Passing a child over a table-Superstition or Halacha

Passing a baby over a table:

Many of the populace are accustomed not to pass a child over a table.[1] There is no known source for this custom in any Jewish literature, and it certainly does not derive from the Talmud or Poskim.[2]

The Halachic debate: Some Poskim[3] would negate the above practice, claiming that doing so transgresses Darkei Emori being that it has no logical reason or source behind it, and therefore one is to avoid doing so. Likewise, it may transgress Lo Sinacheish. However, other Poskim[4] would rule that its practice does not involve Darkei Emori. Furthermore, some Poskim[5] rule that it is permitted and even praiseworthy for one to believe in superstitions that the general populace believes in even if it has no source in Sefarim and the words of our sages, as the prohibition of Lo Sinachesh only applies when one verbalizes the superstition.

Practical ruling: This adherence is not an established Chabad custom, and many amongst Anash are not particular in it.[6] Accordingly, one who does not have such a tradition should not adapt it due to the above Halachic issues surrounding it. Nonetheless, those who received such a tradition may continue doing so.


[1] Sheilas Rav 2:74-5 response of Rav Chaim Kanievsky that the populace is careful in this; Segulas Rabboseinu p. 390; Custom recorded in Nesivos Hamariv [Minhagei Morocco] p. 256 “it is accustomed not to pass a child over a table or under a table and not to sit him on a table.”; Sefer Nahagu Ha’am in name of Amor Abutbal;

[2] Seemingly, however, it is based on the teaching of the Sefer Chassidim 920 as explained by Yosef Ometz 64 to not sit on an eating table and from there began the custom to also not pass a person over the table.

[3] See Rama Y.D. 177:1; Admur 301:33; Mishneh Shabbos 67a; See Rama Y.D. 178:1 “This is only forbidden if the clothing of the gentiles are worn by them for sake of frivolity [pritzus] or it is a gentile custom that has no logic behind it, as in such a case there is room to suspect that the custom derives from the Emorite customs, and that it derive from practices of idolatry passed down from their forefathers.”; Maharik 88; See Kapos Temarim Yuma 831 and Chavos Yair 234 that Darkei Emori applies towards practices that the gentiles developed as a result of idolatry, that they believed that these actions invoke their G-ds to give assistance. See also Ran on Shabbos 67a; See Admur 301:33 “Any medical treatment that works in accordance to Segulah [i.e. supernatural causes] rather than natural cause and effect [i.e. scientifically based] does not contain the prohibition of Darkei Emori so long as it is recognizable [to the onlookers] that it’s intent is for the sake of healing”; See Igros Moshe E.H. 2:13; Y.D. 4:11-4; O.C. 5:11-4; See Mishneh Halachos 12:137 “This is not a Jewish custom, and is certainly not a custom of meticulous Jews [i.e. Vasikin]…to recite ”Bless you” after a sneeze we have heard of, however what does this have to do with pulling at the ear, and one should not do so due to it being the ways of the gentiles”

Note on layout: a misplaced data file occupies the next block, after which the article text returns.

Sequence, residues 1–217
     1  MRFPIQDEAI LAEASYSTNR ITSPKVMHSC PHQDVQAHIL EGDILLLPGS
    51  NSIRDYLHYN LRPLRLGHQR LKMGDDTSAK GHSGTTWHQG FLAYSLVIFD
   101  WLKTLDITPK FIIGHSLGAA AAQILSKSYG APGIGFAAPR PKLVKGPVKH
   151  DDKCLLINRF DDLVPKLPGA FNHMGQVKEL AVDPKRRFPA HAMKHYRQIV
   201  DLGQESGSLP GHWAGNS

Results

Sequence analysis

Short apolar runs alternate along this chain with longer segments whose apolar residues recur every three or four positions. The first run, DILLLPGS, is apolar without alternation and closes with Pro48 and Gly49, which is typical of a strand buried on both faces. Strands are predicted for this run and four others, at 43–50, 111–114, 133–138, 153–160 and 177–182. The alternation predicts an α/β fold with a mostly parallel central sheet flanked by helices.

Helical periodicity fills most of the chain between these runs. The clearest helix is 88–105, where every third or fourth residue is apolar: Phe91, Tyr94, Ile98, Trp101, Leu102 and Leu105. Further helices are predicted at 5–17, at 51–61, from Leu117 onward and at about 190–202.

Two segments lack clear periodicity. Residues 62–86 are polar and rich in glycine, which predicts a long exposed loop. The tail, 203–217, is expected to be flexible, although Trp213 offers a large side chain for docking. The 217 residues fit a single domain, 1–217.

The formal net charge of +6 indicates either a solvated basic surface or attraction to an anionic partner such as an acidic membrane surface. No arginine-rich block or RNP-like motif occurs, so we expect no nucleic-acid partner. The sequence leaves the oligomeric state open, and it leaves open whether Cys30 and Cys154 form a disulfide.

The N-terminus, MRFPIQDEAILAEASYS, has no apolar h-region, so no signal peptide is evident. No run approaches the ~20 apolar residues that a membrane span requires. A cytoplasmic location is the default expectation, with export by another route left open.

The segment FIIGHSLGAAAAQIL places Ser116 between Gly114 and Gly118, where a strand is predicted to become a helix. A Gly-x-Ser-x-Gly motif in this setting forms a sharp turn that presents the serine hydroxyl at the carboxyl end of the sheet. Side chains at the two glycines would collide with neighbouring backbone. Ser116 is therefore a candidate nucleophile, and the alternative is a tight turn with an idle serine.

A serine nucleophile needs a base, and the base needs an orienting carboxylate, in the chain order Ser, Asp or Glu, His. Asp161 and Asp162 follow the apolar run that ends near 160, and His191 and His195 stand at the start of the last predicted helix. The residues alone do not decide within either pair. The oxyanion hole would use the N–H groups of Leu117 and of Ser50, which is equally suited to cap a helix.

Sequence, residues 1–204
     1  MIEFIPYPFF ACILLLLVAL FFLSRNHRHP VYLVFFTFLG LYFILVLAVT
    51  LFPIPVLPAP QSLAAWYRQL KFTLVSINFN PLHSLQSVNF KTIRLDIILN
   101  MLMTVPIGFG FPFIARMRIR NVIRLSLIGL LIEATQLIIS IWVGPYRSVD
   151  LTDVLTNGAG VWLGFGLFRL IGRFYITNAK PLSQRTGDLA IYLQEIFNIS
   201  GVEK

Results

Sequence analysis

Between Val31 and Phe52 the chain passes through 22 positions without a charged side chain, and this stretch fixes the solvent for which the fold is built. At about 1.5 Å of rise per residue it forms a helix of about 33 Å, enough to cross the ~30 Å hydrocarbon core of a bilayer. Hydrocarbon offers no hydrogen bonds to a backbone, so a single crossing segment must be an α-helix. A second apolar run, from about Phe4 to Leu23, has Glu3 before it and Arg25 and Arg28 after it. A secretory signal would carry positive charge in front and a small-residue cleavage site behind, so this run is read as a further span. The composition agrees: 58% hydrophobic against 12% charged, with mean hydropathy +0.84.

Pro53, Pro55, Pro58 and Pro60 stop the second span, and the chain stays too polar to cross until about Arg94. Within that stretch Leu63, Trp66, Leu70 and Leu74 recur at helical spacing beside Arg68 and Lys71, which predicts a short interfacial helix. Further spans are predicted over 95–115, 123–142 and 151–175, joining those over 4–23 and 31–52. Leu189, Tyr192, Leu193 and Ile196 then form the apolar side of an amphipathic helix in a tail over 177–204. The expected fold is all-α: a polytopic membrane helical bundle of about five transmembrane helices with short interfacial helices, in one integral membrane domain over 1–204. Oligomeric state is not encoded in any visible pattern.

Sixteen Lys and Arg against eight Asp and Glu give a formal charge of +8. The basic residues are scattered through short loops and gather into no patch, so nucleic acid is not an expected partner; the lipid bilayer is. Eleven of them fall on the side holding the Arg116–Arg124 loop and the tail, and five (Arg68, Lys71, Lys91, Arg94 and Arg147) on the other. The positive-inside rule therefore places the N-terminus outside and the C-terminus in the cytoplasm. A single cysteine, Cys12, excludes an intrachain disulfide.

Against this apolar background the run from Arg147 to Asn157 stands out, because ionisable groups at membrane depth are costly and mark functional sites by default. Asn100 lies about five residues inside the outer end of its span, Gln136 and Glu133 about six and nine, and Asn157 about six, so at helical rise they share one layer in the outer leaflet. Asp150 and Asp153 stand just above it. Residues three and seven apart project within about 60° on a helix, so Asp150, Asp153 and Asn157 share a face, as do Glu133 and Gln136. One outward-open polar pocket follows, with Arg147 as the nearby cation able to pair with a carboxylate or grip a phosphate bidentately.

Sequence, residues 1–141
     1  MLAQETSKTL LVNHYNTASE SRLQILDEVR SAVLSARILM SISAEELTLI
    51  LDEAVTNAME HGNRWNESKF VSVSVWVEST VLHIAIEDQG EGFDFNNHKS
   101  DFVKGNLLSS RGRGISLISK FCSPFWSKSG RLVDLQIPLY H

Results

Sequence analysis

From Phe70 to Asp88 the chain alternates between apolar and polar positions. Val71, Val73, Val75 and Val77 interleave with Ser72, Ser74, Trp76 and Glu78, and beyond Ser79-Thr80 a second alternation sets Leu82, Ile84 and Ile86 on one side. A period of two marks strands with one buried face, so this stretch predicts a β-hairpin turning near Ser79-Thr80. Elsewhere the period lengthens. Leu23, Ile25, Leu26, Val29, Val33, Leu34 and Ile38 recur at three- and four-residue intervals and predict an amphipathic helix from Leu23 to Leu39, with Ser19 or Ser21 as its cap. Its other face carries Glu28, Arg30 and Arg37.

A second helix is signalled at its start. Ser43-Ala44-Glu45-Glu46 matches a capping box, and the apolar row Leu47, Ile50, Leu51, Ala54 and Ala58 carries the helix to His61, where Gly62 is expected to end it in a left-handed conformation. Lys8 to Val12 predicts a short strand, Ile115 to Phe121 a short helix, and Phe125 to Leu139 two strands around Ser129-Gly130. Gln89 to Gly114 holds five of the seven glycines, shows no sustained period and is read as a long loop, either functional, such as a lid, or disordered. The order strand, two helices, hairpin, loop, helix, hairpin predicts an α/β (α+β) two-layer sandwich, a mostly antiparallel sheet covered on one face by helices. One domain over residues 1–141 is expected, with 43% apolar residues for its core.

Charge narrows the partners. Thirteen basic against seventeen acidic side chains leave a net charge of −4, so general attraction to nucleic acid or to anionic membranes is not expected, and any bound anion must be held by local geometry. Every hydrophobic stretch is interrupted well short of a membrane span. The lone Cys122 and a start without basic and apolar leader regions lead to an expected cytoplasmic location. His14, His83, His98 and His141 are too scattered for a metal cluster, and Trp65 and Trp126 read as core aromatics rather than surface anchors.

[4] See Hagahos Maimanis Avoda Zara 11:1 in name of Yireim 313; Beis Yosef Y.D. 178; Sheiris Yaakov 12; Darkei Teshuvah Y.D. 179:30; Rashba 1:167; 825; 2:281; Halef Lecha Shlomo Y.D. 115; Talumos Leiv 3:57-3

[5] Shiltei Hagiborim Avoda Zara 9a, brought in Pischeiy Teshuvah Y.D. 179:3; See Yerushalmi Terumos 8:3 that one needs to suspect for that which people worry of danger; Sefer Chassidim 261 that there is danger involved in matters that people believe to be dangerous; Minchas Yitzchak 9:8

[6] Heard from Harav Eliyahu Landa Shlita that he has not witnessed this Minhag by his family or amongst Anash

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